Yesterday I got a box from Netgear. It has even faster wireless (B and G), an advanced firewall with the latest SPI rules, a built in DHCP server that also allows me to set fixed addresses for my known boxes, and does almost everything my Linksys box, my Taiwanese no-name access point, and my Sony VAIO DHCP server did, with a single interface that needs no wizards or crap installed. It doesn't cache DNS look-ups, I think, but Comcast has their act together now, so I do not need it. Time to set up, including shiny new 128bit WEP keys: one hour and a half because I was trying every options. Cost: 34 dollars, free Super Saver Shipping.

Friday, October 21, 2005


When Sealab 2020 will be built it won't be to study marine biology. It will be to house the absolutely enormous supercomputer so as to shield it from neutron radiation and to water-cool it.

I don't even want to know what the 2021 crew will do to it...

Sunday, October 16, 2005

You Lookin' At Me?

Deleted Orkut and Friendster. They are of no use.

Especially Orkut. When I logged in today after months of absence, it wanted me to migrate to a Gmail account -- which I have -- but the way in which Google is linking every way I use Google Inc. together doesn't sit right with me. I have many facets to my life, some very professional, some adult, some geeky, some downright illegal. I consider it a failing of mine that I am not ready to integrate them at this time, because I do believe in having an open life. But, my current reality is that I am not, mostly for family reasons, and I do not need Google or any other system to do it for me. I do not need a central repository of all the transgressive things I search for cross-correlated with the papers I wrote for Harvard and then made searchable, for example, even if it is not supposed to be searchable ever ever ever. Because maybe nobody outside the specific agglomerator may be able to get to it, but even the-- no wait, security leaks happen all the time, and at this point I bet the complete list of what you have searched for on Google may be considered by many as more personal and private than their SSN, and those are leaked every two days these days. But let's say Google is totally secure, then even then I do not like Google or another agglomerator knowing. Sure, nobody inside Google, or any other agglomerators may care, and-- no wait, that may be a complete lie too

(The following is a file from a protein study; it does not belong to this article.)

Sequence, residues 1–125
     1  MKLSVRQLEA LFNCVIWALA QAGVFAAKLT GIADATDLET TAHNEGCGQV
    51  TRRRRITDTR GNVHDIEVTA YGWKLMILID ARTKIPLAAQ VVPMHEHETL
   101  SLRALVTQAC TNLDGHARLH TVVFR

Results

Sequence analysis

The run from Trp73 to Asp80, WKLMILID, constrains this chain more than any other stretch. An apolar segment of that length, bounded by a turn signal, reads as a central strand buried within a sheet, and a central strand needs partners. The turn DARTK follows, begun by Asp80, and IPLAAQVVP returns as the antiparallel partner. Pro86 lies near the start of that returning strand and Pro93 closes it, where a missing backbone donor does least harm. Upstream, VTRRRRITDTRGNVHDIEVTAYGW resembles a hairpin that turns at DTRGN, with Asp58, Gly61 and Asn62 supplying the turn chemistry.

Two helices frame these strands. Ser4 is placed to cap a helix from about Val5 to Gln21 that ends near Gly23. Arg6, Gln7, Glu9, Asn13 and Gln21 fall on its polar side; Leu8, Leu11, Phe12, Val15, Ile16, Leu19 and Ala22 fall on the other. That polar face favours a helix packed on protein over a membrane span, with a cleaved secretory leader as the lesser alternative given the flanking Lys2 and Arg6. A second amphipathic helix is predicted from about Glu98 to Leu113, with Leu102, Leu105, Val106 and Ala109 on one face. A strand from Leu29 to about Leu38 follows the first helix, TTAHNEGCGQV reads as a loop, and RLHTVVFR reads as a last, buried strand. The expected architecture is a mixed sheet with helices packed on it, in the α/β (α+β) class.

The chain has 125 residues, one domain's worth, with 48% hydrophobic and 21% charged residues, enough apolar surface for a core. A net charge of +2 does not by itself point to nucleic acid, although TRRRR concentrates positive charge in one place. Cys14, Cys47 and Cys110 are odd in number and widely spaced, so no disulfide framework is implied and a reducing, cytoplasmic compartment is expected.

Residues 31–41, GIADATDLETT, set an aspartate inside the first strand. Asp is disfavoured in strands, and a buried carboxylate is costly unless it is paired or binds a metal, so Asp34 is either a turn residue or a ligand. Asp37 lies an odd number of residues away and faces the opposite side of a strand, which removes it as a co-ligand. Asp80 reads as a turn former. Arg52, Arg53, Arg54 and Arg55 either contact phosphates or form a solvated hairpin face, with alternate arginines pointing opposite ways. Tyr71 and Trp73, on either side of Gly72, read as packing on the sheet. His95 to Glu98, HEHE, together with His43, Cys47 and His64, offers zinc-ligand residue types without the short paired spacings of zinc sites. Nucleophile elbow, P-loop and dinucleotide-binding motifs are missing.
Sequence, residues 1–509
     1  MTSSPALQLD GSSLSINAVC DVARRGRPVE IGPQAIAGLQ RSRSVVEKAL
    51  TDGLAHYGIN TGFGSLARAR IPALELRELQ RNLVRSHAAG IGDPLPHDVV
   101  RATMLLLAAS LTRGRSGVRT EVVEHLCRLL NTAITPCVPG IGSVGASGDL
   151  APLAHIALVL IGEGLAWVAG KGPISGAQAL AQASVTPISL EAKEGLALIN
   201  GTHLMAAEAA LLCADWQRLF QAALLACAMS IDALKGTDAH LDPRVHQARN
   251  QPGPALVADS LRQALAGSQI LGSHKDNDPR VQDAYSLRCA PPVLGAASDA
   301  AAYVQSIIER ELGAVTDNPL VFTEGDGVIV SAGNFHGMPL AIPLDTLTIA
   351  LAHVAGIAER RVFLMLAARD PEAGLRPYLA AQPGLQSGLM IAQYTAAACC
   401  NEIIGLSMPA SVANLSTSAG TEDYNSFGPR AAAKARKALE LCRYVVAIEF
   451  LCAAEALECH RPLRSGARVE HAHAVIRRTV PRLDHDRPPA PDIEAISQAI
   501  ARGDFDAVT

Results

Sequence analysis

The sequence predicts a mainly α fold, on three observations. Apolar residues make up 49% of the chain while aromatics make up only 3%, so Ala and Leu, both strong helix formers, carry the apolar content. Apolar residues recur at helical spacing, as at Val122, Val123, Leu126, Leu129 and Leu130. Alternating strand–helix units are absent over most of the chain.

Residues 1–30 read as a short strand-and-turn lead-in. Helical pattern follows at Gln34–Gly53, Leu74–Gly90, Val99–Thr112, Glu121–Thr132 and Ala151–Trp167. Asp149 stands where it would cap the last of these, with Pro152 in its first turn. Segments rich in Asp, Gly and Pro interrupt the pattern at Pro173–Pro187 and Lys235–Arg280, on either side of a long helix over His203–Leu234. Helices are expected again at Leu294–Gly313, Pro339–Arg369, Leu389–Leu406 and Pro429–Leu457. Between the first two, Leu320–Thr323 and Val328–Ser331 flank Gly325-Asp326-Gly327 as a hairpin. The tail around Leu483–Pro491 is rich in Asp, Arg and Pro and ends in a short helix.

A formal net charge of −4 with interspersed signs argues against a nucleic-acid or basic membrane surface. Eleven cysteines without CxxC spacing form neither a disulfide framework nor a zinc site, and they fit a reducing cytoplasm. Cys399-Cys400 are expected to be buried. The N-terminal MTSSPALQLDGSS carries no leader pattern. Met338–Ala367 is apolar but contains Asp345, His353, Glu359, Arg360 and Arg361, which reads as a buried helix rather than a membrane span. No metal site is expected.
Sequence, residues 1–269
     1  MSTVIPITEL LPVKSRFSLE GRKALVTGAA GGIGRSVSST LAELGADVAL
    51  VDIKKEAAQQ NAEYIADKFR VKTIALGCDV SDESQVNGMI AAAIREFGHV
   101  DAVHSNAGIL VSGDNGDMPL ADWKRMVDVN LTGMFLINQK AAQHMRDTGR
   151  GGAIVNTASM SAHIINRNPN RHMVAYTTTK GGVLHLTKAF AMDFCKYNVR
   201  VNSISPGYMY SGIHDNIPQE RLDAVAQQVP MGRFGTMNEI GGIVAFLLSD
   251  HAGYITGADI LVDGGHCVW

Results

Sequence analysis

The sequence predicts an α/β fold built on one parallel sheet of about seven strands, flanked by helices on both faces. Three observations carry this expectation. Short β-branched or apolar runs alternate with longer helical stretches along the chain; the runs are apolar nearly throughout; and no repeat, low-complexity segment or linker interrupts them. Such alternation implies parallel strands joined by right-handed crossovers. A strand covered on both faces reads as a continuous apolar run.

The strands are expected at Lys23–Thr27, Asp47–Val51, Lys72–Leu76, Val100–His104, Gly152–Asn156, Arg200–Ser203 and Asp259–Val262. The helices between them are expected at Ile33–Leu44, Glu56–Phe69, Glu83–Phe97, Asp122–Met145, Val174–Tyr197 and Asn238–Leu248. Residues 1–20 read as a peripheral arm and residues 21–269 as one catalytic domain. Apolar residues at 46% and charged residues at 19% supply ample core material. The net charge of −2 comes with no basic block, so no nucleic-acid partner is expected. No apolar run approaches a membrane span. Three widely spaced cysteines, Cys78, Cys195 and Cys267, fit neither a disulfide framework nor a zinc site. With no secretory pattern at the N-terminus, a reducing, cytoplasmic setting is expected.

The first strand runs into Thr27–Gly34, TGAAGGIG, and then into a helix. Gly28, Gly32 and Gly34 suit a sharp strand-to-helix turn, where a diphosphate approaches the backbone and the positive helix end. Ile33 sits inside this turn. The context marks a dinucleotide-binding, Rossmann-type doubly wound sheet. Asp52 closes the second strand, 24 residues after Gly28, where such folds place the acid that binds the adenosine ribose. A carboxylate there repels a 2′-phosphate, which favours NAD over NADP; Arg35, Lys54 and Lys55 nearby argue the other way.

Here's why I think that: in 1995, when the web started taking off, I started doing work at Children's Hospital Boston in sharing electronic medical records over the web. So I was in the middle of all the disucssions about privacy and confidentiality and access rights that eventually percolated into thinking like the current HIPPA legislation, which, for example, makes throwing a lab result into a standard trash bin that collects into a public landfill a $5000,-- offense for the person managing that record, and in my opinion, rightly so. One of the anecdotes about access rights was that after Kitty Dukakis went public with her substance abuse and alcohol poisoning, suddenly electronic accesses to her medical file inside Mass General Hospital went through the roof. It was then MGH realised they needed more granular access controls on their electronic medical files -- a system MGH was one of the first to have, and arguably pioneered -- because the electronic files were allowing what paper files did not, and it turned out doctors and nurses actually were human and had prurient interestst.